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Environment / Climate change

This is the view from the top of the Shanghai Tower, China's tallest skyscraper

Now, we are not in the habit of rehashing PR fluff about expensive cameras. We’re just not that sort of website. I mean, at least buy us dinner first.

But this particular bit of fluff comes with some quite stunning pictures of Shanghai from the top of its tallest building – so just this once, we thought we’d make an exception.

This picture was taken by Paul Reiffer, an award-winning British photographer and former male model. It was taken on (let’s get this over with) the Phase One XF camera system, which comes with a resolution of up to 80 megapixels and lots of other large and impressive sounding numbers that we don’t really understand.

The top of the Shanghai Tower, was, we’re assured, the “tallest place a Phase One has ever visited”.

And to be fair, it is pretty bloody tall: the Tower, which is still under construction, will stand 632m high and have 128 storeys. It’s currently the second tallest building in the world, behind only the Burj Khalifa in Dubai: that’s 828m, but the observation deck is at 555m. In other words, these pictures are taken from the highest point in a city centre that any photographer can currently get to without the aid of a flying machine.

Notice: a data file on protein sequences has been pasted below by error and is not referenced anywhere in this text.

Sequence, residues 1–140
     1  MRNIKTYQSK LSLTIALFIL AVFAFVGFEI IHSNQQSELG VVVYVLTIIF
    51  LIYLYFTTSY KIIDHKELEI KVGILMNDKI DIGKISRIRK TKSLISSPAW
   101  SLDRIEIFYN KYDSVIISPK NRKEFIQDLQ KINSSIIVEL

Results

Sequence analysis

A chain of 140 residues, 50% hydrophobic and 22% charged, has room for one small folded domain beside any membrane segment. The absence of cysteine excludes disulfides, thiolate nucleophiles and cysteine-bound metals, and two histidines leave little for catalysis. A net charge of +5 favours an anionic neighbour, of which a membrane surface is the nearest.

Here’s that view again, this time in daylight:

The towers you can see below you are the 492m Shanghai World Financial Center, and the 420m Jin Mao Tower, all three of which sit within a few hundred metres of each other.

The last of these is positively titchy compared to the other two, but it still scrapes into the 20 tallest buildings in the world. By way of comparison, London’s Shard, the tallest building in the EU, is only 306m.

The Shanghai Tower isn’t open to the public yet: on his blog, Reiffer explains that he was

lucky enough to get early access and shoot from above before the barriers and glass get installed, preventing a completely clear view from the public areas.

Here’s one last picture, this time with clouds rolling in. The river you can see in the background, incidentally, is the Huangou.

We know little of the Phase One camera system – but these are quite wonderful photographs.

You can read more about Paul Reiffer’s adventures above Shanghai on his own website.
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